Fire & Life Safety: Back to Basics on Fire Exits

Dec. 12, 2014
A guide to understanding codes, terms, exceptions and more

Many electronic security professionals are confused about code requirements regarding the interconnection of their systems with doors used as fire exits — specifically, how they are to be properly locked and unlocked by the fire alarm system. However, a basic understanding of this important topic must precede any discussion of connecting the fire alarm system (IBC and IFC both have the fire alarm connection rules located in Chapter 10, “Means of Egress,” Section 1008).

Part of the reason for confusion is that the ICC Building/Fire Codes misuse the terms “locked” and “unlocked.” Surprisingly, the term “locked” doesn’t even appear in the ICC Building/Fire Codes definition chapters, or egress chapters, or anywhere else, for that matter. It may help if you think of the word “locked” as used by the codes and standards, to mean “preventing free egress” since that is what they actually mean by “locking” a door — preventing it from being used to exit the building during an emergency.

Two Exceptions to the Rules

It is against both codes to physically lock doors to prevent an occupant’s exit from a building, room or space; however, there are two exceptions. The first, although rare, restricts use of an exit by certain occupants of mental, penal or correctional facilities. Even then, this locking is allowed only if supervised personnel are continuously on duty and the employer has a fire official-approved emergency plan to evacuate these occupants during a fire. This locking option requires designated and trained staff to respond to the activation of a fire alarm by proceeding directly to any of these locked doors, and if necessary, using a key, card or keypad code, to release the locked exit(s) in the area of the fire. These ICC exit locking rules are distinguished from other building/fire code locking rules under “Special locking Arrangements in Group I-2” and “Locking Arrangements in Correctional Facilities.”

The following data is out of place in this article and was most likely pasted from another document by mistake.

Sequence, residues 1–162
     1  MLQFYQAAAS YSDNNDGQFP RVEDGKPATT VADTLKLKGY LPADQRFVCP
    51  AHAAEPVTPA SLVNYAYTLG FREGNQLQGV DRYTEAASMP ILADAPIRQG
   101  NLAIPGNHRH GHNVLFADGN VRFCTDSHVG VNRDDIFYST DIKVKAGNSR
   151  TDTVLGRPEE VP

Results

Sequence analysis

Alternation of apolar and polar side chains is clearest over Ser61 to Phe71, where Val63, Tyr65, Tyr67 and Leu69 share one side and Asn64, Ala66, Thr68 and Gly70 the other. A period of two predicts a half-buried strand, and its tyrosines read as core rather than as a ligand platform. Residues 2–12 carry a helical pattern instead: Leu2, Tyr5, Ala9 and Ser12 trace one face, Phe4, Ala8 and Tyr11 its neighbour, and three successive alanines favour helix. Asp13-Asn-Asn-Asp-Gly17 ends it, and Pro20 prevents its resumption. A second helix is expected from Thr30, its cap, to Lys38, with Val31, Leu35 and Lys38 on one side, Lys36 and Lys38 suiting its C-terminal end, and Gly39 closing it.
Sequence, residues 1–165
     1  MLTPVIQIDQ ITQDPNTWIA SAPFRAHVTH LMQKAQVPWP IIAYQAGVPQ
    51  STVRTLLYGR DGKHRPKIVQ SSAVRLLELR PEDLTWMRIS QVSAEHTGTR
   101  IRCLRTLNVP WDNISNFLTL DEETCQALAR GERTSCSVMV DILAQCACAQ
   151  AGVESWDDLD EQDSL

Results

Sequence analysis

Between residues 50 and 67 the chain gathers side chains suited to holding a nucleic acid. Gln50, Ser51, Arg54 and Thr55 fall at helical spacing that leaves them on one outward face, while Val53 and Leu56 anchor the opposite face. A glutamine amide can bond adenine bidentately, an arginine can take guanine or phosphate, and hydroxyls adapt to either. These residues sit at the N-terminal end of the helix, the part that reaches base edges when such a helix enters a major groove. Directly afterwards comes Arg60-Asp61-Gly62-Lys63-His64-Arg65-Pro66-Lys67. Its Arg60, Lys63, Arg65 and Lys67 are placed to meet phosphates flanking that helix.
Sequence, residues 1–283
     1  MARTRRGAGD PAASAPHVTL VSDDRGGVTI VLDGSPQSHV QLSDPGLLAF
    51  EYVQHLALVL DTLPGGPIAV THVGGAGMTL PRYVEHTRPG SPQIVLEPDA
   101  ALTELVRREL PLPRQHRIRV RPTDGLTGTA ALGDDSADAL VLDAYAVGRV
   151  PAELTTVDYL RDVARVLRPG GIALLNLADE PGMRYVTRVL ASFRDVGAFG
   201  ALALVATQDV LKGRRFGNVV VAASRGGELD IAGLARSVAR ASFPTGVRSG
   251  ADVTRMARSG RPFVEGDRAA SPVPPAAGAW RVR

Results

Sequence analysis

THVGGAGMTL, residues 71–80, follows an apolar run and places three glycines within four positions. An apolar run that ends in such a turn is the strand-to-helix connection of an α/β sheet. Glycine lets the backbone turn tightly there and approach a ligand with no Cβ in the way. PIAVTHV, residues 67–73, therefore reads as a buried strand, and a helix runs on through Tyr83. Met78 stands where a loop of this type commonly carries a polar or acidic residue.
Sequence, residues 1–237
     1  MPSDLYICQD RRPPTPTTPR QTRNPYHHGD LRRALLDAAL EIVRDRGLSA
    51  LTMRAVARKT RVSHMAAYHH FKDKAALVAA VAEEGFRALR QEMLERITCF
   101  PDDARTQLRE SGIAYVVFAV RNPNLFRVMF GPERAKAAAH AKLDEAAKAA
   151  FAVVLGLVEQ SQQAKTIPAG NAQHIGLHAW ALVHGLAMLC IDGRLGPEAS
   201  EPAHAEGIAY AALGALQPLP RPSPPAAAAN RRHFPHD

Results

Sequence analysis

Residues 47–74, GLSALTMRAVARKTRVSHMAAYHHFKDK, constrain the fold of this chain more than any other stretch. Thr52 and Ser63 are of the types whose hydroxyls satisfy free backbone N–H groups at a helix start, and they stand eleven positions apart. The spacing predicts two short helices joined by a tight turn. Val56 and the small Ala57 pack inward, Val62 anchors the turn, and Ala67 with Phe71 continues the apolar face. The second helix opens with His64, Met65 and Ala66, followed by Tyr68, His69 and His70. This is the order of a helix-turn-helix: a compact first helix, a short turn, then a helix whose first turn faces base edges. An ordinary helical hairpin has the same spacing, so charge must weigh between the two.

The second exception, and most common way of legally preventing free egress from a building, occurs when a building is closed up and the owner turns a key to bolt the door from the outside when they leave to go home for the evening. This too will prevent panic hardware from operating; however, this is preferred for security reasons since some emergency hardware has made it easy for burglars to merely slip in a bent coat hanger wire to pull the manual exit bar to gain entry.